WATCH: Why older generations don't accept video games

Psychologist Patrick Markey, who wrote “Moral Combat," says, "Every generation thinks they had it just right"

By Amanda Marcotte

Senior Writer

Published June 15, 2017 4:00PM (EDT)

This "Salon Talks" video was produced by Kevin Carlin

In recent years adults, in both political and in media roles, have raised concerns over violent video games like “Mortal Kombat” or “Grand Theft Auto,” worrying that they turn members of younger generations indolent or violent.

But Patrick Markey, co-author of “Moral Combat: Why the War on Violent Video Games Is Wrong,” explained during a recent episode of "Salon Talks," that this concern that he termed "a moral panic" owes more to the newness of video games than to anything intrinsically perverse about the medium itself.

Why do political leaders become so worked up over video games?

One of the reasons is probably because a lot of people who are in the news cycle, a lot of people who are politicians and so forth, they tend to be older, and so a lot of them did not grow up surrounded by video games.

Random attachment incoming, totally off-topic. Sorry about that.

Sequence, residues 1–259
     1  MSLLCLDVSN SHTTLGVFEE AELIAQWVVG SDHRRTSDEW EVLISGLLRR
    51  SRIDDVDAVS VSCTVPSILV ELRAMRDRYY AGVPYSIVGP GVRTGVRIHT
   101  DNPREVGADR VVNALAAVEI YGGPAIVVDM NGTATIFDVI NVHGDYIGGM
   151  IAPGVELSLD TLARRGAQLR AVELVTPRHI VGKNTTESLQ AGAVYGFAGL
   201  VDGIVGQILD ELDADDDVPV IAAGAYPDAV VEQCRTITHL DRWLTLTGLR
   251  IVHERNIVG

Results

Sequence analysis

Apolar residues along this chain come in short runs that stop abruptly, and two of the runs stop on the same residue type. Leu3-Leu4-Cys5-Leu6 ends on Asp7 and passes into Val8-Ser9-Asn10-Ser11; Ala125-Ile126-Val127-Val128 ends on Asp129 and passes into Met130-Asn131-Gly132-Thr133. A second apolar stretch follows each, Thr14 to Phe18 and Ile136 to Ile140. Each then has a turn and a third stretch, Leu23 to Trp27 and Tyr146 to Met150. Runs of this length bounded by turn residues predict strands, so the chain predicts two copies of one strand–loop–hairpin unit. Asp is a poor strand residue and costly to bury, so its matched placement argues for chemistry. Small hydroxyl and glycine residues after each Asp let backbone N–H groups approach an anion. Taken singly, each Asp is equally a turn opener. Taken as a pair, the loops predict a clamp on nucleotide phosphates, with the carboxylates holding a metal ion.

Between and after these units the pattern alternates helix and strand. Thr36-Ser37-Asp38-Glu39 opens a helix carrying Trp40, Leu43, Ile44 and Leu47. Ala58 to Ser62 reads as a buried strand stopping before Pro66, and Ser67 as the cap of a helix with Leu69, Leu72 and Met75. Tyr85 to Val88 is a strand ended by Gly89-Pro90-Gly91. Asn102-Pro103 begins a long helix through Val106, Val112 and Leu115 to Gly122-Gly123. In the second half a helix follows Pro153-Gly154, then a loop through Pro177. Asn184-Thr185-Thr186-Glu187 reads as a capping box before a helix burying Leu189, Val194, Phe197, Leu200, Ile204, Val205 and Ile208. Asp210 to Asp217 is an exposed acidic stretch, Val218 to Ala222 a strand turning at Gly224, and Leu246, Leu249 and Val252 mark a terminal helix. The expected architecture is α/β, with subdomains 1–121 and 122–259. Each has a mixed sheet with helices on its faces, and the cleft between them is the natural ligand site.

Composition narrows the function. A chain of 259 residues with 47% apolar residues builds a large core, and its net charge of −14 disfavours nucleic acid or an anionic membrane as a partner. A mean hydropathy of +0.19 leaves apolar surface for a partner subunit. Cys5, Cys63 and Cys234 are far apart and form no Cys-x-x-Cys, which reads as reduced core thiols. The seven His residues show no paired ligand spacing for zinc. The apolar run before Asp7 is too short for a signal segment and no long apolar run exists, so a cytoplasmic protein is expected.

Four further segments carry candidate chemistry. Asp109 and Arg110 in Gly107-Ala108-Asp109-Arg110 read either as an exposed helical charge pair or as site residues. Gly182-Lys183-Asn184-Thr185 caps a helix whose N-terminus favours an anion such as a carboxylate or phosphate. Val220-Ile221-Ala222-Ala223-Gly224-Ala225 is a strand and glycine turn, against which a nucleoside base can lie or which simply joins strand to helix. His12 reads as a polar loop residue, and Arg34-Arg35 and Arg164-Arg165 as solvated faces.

It's hard for them to see value in video games. They’ll think people are just wasting their time playing video games. And they simply don't understand the media. And it looks scary.

Will the panic over video games ebb over time? 

Younger people who grew up surrounded by Nintendos and Ataris — and as they take over, we might see just a, kind of a lessening of this moral combat or moral panic; that it might just happen on its own over time.

Why do new technologies cause panic?

There’s this thing that we call the Goldilocks effect. The Goldilocks effect is the idea is that every generation thinks they had it just right. And so older people think that we're all, the younger generation’s crazy; they’re out of control. And younger people tend to think that the older generation’s too conservative and too buttoned-up.

So be it video games or television or movies, across the board we tend to think our generation is the right one, and anything before or after is either too crazy or too conservative.

Catch more of the conversation with Markey about generational views on video games and new technology.

By Amanda Marcotte

Amanda Marcotte is a senior politics writer at Salon and the author of "Troll Nation: How The Right Became Trump-Worshipping Monsters Set On Rat-F*cking Liberals, America, and Truth Itself." Follow her on Twitter @AmandaMarcotte and sign up for her biweekly politics newsletter, Standing Room Only.

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